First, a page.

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Billions missing amid much talk and little action

For all their differences, Zine El Abidine Ben Ali, Hosni Mubarak and Muammar Qaddafi shared a resolve to rule their countries with iron hands.

For all their differences, Zine El Abidine Ben Ali, Hosni Mubarak and Muammar Qaddafi shared a resolve to rule their countries with iron hands.

They and their entourages also had a common desire to accumulate great personal wealth, using plundered state funds to feather their nests at home and, especially, in far-off lands.

Exactly what the three rulers and their inner circles channelled abroad is open to speculation.

Vast sums have been touted. Qaddafi, the former Libyan president driven from office and assassinated after 42 years in power, and his family and close associates have been reported on some estimates to have held assets worth US$80 billion abroad.

The family fortune of the former Egyptian leader, Mr Mubarak, 85 and apparently in serious ill health as he is retried for murder and corruption, was said by the US television network ABC at the time of his 2011 resignation to amount to $70bn. Tunisia's interim president, Moncef Marzouki, has said the Ben Ali regime embezzled $15bn to $20bn during his 23-year rule.

Tracking down the assets is difficult enough but even that has so far proved a simpler matter than returning them to the administrations trying to rebuild the Arab Spring nations.

The UK newspaper The Guardian, reported in March the Mubarak family still owned assets in the British Virgin Islands despite calls by financial authorities in the Caribbean territory for them to be frozen.

The paper said the discovery of funds, including one that had paid the former president's second son, Gamal, $800,000 a year since 2002, cast doubt on British commitment to the assets recovery process.

Six months earlier, the BBC's Arabic service found in an investigation former members of the ousted regime retained luxury homes in the Chelsea and Knightsbridge areas of central London. One member of the Mubarak inner circle was said to have been able to set up a company even though she was the wife of a minister convicted of corruption and was identified in an official UK sanctions list among Egyptians linked to misappropriated assets.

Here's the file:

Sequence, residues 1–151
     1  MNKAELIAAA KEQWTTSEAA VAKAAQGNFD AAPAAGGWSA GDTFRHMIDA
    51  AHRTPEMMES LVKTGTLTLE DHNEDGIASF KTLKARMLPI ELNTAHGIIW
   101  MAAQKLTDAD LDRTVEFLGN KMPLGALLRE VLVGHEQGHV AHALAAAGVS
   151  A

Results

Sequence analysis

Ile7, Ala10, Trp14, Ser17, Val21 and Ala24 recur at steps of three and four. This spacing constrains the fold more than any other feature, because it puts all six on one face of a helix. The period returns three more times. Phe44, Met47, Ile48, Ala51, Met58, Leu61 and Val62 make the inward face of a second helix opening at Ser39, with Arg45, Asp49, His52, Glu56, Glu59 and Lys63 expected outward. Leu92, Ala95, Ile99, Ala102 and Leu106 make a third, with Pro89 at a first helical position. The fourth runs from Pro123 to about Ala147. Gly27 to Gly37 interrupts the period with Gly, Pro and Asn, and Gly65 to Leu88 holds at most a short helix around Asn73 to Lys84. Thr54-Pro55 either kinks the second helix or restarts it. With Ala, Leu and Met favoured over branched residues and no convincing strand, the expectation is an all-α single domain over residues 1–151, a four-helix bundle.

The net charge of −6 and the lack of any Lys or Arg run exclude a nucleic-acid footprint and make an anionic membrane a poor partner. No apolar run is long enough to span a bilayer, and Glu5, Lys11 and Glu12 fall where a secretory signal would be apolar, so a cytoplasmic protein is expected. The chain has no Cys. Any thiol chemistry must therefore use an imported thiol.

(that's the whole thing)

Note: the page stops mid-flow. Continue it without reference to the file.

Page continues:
The ABC figure of $70bn was said to include $17bn held by Mr Mubarak, who ruled Egypt for nearly 30 years, $10bn by Gamal and $40bn by other members of the family. Gamal and his elder brother, Alaa, are on trial with their father, accused of complicity in the killing of protesters during the Egyptian uprising and making corrupt gains, including the proceeds of exporting natural gas to Israel at knockdown prices.

Mr Mubarak and his sons reportedly own property in Los Angeles and New York as well as the UK and have huge deposits in a raft of bank accounts and offshore funds.

Egypt asked western governments within days of the president's resignation to freeze suspect funds and property. Swiss authorities, with long experience of dealing with the financial fallout of dramatic regime change, were the quickest to react, freezing assets within half an hour of receiving the request. Britain took a lot longer - 37 days - and another UK newspaper, The Sunday Telegraph, claimed Mr Mubarak had already done his best before leaving power to conceal his overseas fortune. "We think their financial advisers have moved some of the money around. If he had real money in Zurich, it may be gone by now," a western intelligence source was quoted as saying.

The South Africa media disclosed this month Libyan investigators had located gold, diamonds and cash valued at $1bn in four banks and security companies.

Several reports have linked the deposits to the frequent presence in South Africa of Bashir Saleh, who became known as "Gaddafi's banker" for his role in managing the dictator's financial affairs.

Mr Saleh is described on the international police organisation Interpol's website as wanted by the Libyan judicial authorities for embezzlement and abuse of power.

The South African connection adds another piece to a global jigsaw revealing scattered networks of asset management, with offshore companies and proxy registration often used to conceal origin.

Ben Ali, jailed for life in his absence for incitement to murder, took refuge with his family in Saudi Arabia after the so-called Jasmine Revolution ended his 23-year presidency. Interpol confirms it has issued a global alert seeking his arrest and detention, along with six relatives, on charges of "taking money out of the nation illegally and illegally acquiring real estate and other assets abroad".

Ben Ali's wife, Leila, sentenced in absentia to 35 years in jail for theft and unlawful possession of cash and jewellery, is alleged to have taken 1.5 tonnes of gold from the Tunisian central bank before her family fled to Jeddah.

In the eyes of Ana Gomes, a Portuguese politician prominent in the EU's campaign to restore "stolen billions" to Arab Spring countries, no one should be surprised at the extent of misappropriation by corrupt heads of state.

"It's the name of the game for all dictators and autocrat rulers - and also for some democratic rulers," she said, defining the phenomenon as "organised crime in power".

 

business@thenational.ae

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